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SUNY Downstate medical workers stage die-in to protest police brutality • Brooklyn Paper

SUNY Downstate medical workers stage die-in to protest police brutality

Emergency medical residents at SUNY Downstate participated in a die-in on Thursday to protest police brutality.
Photo by Paul Frangipane

Hundreds of medical workers at SUNY Downstate staged a die-in on Thursday to protest police brutality and the health disparities that affect black Americans. 

Emergency medical residents and other hospital staff kneeled or lay on the ground for eight minutes and 46 seconds — the amount of time former Minneapolis Police Officer Derek Chauvin knelt on the neck of 46-year-old George Floyd, killing him. 

“I can stand here as a brown, female, immigrant physician with a loud voice — and I can do this because of the sacrifices made by black people a long time ago,” said Dr. Smruti Desai, an emergency medical resident. “It is our turn to fight for them.” 

While hundreds of staff at the central Brooklyn hospital — which serves a predominately black patient population — kneeled or lay on the ground, speakers read aloud the names of victims of police violence. Dozens of staffers in scrubs and white coats then marched to Grand Army Plaza to join a larger march through the borough.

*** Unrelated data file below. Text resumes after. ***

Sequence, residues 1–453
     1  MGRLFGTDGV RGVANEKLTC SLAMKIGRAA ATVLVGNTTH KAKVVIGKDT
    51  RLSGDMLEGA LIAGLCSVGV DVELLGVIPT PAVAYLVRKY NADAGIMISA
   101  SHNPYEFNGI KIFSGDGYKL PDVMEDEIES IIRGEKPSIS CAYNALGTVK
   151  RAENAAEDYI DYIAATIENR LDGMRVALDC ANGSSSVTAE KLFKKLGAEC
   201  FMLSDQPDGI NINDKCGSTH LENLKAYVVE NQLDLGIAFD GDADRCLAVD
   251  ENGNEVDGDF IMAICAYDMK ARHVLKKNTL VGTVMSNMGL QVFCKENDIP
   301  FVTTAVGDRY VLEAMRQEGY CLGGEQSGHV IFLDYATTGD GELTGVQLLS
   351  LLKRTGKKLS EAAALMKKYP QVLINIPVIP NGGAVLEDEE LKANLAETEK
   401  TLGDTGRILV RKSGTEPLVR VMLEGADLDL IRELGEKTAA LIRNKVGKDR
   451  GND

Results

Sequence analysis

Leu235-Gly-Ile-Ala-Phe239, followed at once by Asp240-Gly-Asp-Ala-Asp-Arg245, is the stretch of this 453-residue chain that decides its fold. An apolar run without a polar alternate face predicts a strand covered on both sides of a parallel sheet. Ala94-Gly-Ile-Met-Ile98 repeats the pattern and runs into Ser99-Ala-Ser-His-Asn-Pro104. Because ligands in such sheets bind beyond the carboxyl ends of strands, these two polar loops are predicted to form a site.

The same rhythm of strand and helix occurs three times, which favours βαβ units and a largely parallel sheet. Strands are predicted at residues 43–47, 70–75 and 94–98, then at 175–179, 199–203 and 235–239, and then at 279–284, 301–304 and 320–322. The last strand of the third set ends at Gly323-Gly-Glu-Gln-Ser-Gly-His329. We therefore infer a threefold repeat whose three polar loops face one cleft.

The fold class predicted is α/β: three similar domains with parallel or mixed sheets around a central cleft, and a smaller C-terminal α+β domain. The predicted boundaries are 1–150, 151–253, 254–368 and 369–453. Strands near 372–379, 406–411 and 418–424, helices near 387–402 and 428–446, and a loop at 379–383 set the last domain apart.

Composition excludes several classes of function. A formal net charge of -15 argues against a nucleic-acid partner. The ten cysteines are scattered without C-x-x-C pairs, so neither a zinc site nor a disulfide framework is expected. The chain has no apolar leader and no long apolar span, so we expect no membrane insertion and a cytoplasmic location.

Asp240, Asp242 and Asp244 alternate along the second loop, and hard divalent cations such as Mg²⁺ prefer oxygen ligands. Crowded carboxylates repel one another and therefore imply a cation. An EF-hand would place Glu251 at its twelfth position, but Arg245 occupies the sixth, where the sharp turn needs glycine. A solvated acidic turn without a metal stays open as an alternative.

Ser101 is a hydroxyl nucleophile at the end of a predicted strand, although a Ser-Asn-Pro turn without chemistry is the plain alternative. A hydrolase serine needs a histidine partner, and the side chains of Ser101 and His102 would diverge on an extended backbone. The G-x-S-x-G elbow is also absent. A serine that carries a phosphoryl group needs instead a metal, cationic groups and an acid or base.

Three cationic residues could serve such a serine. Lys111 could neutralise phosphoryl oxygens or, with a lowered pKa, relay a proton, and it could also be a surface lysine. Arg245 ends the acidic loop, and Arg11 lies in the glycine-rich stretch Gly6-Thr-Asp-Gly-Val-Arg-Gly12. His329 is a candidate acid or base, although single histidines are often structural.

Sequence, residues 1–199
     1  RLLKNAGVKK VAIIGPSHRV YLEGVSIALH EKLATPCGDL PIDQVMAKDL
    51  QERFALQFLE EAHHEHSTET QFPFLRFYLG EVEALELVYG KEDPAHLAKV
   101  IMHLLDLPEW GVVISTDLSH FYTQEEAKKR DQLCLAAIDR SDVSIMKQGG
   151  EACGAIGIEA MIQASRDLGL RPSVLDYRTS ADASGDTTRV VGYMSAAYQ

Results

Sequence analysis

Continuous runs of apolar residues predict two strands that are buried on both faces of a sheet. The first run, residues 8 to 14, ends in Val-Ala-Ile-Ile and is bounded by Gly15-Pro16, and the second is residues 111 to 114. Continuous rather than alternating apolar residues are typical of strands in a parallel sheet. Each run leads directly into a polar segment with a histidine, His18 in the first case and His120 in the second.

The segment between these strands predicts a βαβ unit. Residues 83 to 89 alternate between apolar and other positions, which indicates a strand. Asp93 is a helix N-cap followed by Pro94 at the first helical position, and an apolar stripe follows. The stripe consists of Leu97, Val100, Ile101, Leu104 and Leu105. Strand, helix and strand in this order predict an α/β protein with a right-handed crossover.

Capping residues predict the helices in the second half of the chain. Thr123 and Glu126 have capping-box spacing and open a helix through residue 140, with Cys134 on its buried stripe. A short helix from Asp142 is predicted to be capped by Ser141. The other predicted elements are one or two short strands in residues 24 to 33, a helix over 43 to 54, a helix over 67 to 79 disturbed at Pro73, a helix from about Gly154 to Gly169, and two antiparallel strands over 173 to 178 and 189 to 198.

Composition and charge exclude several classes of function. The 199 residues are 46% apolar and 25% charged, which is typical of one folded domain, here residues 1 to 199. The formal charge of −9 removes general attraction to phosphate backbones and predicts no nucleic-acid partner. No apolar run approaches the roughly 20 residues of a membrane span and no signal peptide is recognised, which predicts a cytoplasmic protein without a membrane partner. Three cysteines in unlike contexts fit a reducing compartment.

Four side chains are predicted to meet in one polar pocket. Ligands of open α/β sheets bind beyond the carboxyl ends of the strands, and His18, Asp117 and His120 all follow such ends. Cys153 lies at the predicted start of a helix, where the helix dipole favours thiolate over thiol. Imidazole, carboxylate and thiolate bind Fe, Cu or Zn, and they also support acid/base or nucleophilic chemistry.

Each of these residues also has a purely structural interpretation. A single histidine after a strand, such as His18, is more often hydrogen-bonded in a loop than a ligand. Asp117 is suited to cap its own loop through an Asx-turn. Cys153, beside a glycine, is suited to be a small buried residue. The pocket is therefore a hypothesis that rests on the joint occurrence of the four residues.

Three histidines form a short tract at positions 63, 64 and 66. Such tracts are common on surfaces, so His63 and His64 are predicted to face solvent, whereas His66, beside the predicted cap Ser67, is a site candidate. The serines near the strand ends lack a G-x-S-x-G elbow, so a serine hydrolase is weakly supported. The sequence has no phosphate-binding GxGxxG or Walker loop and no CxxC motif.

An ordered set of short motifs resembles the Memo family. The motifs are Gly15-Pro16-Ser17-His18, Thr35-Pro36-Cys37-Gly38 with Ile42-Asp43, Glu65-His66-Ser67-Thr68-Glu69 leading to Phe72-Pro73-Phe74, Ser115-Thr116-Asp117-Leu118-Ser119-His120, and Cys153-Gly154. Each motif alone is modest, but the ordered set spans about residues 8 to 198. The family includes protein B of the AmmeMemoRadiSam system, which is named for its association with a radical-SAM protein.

Speakers read aloud the names of those killed by police for eight minutes and 46 seconds — the amount of time a Minneapolis police officer knelt on the neck of George Floyd.Photo by Paul Frangipane

The die-in came on the eighth straight day of protests across the city demanding police reform in the wake of Floyd’s death, with clashes between police and protesters and violent arrests caught on video becoming a regular occurrence.

SUNY Downstate has been on the front lines of the coronavirus pandemic since March, hospital officials reporting that 90 percent of those in the zip codes surrounding the East Flatbush medical center who died from the coronavirus were black. 

“Our patients woke up one day and they had to face a pandemic that took the lives of their family, their friends, and their neighbors,” said Dr. Teresa Smith, Associate Dean at SUNY Downstate, “only to wake up and have to face the death of their people at the hands of the people that are supposed to protect them.” 

Hundreds of residents sat or lay on the ground during the die-in.Photo by Paul Frangipane

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